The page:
What Really Happened To Cracker Barrel's Trendy Offshoot, Holler & Dash

When you think of Cracker Barrel, you're thinking more along the lines of biscuits, rocking chairs, and those peg games you find at every table than any sort of start-up company. In fact, just the word "trendy" isn't exactly ringing any bells in a place that bills itself as an old country store from the early 20th century. But, once upon a time, Cracker Barrel actually did try its hand at a trendy offshoot geared towards millennials and hipsters alike: Holler & Dash. Or, wait, is it the Maple Street Biscuit Company now?

Before we go any further, let's take a step back to the far-off time of 2016. Restaurant Business Online told us that Cracker Barrel was opening the Holler & Dash Biscuit Store, described as a "limited-service breakfast and lunch spot." Unlike the more rustic Cracker Barrel, Holler & Dash included an iPad-based ordering system and a self-ordering kiosk, focusing more on a "fast-casual" style of dining as compared to Cracker Barrel's more modern sit-down service. Holler & Dash also included its own craft soda line, similar to how some trendy bars and clubs have their own IPAs. According to Nation's Restaurant News in 2018, the restaurant was expanding to seven locations across five states, perhaps hinting that this hipster off-shoot of trendy sodas and handcrafted breakfasts would be successful.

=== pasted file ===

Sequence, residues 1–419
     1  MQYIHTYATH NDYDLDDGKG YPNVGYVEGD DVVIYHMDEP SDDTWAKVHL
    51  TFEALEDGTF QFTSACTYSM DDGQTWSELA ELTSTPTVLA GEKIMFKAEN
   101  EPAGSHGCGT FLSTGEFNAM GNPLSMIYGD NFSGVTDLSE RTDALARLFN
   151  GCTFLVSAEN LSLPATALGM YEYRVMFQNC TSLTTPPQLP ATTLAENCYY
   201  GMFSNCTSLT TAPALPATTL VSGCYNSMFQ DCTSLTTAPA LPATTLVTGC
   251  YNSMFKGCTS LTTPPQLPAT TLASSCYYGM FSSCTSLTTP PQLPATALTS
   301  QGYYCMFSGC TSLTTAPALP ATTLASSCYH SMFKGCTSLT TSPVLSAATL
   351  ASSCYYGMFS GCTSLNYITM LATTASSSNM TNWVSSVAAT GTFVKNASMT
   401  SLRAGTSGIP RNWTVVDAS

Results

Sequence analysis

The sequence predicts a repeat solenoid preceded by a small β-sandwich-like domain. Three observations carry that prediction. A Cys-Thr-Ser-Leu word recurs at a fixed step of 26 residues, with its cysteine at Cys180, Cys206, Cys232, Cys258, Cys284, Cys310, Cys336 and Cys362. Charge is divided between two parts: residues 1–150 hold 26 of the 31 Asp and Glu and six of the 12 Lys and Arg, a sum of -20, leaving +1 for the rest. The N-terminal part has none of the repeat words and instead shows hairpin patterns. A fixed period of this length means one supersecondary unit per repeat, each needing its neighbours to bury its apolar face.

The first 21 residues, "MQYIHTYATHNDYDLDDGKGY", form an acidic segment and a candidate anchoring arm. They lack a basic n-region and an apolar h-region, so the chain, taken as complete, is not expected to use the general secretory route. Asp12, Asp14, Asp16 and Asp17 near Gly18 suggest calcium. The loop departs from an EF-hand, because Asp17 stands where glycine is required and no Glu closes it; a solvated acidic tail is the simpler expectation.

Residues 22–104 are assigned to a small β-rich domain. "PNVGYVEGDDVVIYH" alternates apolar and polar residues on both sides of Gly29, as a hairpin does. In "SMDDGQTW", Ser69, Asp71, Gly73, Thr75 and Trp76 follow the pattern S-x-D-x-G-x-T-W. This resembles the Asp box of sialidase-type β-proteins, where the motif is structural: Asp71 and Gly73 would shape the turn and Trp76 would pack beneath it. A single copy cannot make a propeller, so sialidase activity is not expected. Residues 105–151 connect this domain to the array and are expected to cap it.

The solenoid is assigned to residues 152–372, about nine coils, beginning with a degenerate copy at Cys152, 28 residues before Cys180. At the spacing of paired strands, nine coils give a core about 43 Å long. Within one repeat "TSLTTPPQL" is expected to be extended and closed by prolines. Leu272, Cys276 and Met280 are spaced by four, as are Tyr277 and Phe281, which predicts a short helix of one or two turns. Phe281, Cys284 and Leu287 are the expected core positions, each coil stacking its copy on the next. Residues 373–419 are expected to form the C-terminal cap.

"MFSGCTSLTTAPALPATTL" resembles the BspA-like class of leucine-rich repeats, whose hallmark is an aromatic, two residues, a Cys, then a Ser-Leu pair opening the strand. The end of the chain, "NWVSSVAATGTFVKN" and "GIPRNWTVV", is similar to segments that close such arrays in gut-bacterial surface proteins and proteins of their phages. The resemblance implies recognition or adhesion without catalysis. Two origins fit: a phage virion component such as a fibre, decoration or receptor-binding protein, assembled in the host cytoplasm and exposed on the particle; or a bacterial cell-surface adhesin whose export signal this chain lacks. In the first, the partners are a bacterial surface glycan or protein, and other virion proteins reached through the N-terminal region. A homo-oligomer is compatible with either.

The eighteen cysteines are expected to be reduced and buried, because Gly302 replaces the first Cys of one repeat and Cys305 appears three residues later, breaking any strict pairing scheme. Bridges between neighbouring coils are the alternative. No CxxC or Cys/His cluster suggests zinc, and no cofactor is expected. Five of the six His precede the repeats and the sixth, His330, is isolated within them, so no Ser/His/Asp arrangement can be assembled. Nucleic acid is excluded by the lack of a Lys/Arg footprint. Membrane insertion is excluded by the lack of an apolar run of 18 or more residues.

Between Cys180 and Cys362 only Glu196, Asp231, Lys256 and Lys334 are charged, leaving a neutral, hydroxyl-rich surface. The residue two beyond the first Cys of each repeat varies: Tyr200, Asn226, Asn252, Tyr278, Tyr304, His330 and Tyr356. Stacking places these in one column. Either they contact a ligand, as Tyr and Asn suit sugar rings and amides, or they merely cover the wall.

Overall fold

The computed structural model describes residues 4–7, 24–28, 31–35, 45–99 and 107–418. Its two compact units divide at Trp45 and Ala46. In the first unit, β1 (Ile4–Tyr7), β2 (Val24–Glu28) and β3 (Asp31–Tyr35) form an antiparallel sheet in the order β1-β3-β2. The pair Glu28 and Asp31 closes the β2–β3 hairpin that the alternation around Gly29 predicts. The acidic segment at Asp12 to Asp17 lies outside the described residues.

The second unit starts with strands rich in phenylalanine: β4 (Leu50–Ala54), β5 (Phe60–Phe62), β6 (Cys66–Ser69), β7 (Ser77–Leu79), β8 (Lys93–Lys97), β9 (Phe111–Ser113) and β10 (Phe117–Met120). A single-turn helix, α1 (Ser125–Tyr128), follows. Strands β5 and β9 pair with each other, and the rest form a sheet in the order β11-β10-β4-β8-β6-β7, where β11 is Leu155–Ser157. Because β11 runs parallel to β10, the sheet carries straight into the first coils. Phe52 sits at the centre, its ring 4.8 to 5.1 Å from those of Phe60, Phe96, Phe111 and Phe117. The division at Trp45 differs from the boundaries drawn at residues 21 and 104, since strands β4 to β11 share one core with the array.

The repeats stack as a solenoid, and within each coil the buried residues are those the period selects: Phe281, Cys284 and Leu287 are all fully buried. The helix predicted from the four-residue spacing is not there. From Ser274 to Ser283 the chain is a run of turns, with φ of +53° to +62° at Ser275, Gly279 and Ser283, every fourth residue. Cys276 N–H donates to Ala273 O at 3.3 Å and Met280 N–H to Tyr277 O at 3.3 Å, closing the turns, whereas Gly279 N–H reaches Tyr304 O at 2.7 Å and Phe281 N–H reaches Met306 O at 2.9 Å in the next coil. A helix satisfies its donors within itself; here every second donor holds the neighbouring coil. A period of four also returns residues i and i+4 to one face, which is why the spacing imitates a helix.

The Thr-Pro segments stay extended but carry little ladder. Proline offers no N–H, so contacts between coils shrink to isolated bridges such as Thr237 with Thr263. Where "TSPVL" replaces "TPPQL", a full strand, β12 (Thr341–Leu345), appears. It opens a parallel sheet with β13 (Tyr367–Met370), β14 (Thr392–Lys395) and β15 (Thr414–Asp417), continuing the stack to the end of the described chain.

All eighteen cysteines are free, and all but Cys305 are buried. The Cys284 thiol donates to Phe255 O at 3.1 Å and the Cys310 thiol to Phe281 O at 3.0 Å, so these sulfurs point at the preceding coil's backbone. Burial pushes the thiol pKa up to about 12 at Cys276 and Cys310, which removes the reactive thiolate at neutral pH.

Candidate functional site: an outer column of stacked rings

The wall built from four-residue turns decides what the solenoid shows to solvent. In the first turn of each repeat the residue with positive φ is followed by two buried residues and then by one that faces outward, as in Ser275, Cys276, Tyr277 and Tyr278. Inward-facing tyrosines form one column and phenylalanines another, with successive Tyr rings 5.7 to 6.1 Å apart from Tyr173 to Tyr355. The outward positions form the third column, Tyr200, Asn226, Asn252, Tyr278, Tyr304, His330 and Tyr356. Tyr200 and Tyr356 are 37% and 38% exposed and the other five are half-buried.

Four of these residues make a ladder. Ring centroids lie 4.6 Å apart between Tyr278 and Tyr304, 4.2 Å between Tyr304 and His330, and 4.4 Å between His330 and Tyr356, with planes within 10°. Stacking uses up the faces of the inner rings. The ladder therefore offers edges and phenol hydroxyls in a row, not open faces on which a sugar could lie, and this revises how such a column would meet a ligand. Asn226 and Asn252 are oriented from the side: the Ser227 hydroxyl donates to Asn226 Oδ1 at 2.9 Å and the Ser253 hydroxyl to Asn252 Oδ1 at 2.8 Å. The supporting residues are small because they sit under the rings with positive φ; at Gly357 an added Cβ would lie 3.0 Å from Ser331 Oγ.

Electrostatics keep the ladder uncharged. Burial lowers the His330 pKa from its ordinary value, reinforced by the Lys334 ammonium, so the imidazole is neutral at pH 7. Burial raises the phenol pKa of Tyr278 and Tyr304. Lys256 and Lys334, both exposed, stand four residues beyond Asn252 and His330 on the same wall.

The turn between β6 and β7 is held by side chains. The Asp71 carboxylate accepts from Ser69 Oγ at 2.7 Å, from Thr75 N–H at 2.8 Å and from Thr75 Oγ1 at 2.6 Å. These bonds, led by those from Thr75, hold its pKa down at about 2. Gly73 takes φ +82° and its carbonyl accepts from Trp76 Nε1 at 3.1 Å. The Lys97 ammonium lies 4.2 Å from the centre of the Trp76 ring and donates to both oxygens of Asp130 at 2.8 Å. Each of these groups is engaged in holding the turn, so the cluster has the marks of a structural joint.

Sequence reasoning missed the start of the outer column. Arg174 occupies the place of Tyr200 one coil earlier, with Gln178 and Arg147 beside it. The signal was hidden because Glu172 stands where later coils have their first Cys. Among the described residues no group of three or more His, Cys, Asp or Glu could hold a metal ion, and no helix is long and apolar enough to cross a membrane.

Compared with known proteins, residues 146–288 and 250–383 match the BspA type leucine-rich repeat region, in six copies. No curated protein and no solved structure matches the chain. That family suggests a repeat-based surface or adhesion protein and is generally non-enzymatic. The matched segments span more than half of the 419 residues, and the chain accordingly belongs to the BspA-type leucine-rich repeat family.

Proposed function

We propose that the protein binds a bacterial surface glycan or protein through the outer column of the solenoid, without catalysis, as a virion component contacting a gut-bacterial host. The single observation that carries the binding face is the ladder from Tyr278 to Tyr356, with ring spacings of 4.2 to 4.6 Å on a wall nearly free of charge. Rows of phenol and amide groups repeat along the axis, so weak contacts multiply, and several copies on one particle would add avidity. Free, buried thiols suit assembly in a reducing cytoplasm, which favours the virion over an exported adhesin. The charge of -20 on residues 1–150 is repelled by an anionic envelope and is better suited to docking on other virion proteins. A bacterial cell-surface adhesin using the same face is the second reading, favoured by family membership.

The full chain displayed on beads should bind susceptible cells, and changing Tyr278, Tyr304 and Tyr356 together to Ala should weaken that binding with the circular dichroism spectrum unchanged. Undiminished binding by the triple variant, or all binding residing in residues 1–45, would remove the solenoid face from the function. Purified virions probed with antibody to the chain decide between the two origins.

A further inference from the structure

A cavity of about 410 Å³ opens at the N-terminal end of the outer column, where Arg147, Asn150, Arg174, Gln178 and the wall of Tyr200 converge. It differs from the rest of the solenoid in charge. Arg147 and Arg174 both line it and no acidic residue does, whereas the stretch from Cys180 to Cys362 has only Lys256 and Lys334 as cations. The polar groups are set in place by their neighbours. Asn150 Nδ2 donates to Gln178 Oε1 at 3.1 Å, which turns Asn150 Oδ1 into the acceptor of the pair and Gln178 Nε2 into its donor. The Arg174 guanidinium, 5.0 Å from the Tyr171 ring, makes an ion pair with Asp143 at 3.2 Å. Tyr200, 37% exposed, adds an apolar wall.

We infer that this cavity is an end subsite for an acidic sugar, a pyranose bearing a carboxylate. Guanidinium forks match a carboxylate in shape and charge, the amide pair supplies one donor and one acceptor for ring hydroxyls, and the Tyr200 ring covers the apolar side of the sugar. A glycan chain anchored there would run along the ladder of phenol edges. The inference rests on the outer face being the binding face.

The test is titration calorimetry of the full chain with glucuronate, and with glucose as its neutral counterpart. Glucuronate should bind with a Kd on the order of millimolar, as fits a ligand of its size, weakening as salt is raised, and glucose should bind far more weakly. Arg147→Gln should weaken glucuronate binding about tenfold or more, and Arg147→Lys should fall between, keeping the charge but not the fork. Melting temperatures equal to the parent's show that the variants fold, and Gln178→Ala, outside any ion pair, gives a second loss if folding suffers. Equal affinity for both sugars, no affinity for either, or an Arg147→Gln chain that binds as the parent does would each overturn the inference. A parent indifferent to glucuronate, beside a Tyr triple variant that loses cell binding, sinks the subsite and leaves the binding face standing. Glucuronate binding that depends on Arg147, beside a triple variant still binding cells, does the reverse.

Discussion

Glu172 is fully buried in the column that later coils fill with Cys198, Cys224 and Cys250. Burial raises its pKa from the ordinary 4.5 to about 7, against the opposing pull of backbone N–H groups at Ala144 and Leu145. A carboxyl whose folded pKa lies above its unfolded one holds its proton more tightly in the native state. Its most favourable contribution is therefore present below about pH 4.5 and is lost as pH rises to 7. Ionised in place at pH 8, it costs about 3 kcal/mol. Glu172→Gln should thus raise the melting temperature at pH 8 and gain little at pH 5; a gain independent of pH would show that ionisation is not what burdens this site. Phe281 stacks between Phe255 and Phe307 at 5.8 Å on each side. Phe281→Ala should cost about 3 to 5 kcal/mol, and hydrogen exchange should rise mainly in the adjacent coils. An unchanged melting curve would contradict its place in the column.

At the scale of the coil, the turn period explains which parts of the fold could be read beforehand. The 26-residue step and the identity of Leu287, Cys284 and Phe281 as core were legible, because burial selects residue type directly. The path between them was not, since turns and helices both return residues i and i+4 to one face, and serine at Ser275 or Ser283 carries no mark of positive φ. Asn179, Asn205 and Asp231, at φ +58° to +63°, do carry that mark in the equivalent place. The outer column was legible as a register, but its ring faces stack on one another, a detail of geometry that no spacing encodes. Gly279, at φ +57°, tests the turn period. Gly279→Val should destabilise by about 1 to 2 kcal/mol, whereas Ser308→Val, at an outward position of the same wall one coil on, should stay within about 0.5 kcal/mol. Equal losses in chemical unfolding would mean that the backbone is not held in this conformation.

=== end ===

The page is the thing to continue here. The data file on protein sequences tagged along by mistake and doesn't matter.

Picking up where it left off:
Of course, most Cracker Barrel diners you'll meet nowadays have no idea what you mean by "Holler & Dash." How could such a concept fail? What happened to it? 

Cracker Barrel just wasn't made for fast-casual

As we've said before, when you think of Cracker Barrel, the idea of "fast-casual" dining doesn't sound like the old country store you know and love. This brief foray into the world of trendy fast-casual dining wasn't what Cracker Barrel was made for, according to Cracker Barrel shareholder Sardar Biglari. Biglari even stated that the idea of Holler & Dash was doomed to fail from the start.

"From the outset, we believed Holler & Dash was an ill-conceived project that was destined to fail," wrote Biglari in a letter to Cracker Barrel CEO Sandy Cochran (via Nation's Restaurant News). "After three years, our original conviction has only intensified. The company has no business pursuing a start-up." Although no comment was ever made on the letter, it seemed that Biglari's words rang true, as Cracker Barrel abandoned the Holler & Dash in 2019.

In place of Holler & Dash, reports The Tennessean, Cracker Barrel began to convert the fast-casual restaurants into locations for the Maple Street Biscuit Company, a Florida-based biscuit chain that Cracker Barrel had acquired. As of 2021, it would seem that the Maple Street Biscuit Company is helping to recover some of those lost profits from the Holler & Dash endeavor and other financial concerns (via Jacksonville Daily Record), with further expansion plans ongoing (via WJCT News).

Perhaps it's best if Cracker Barrel sticks to what they know from now on: old people and the old country.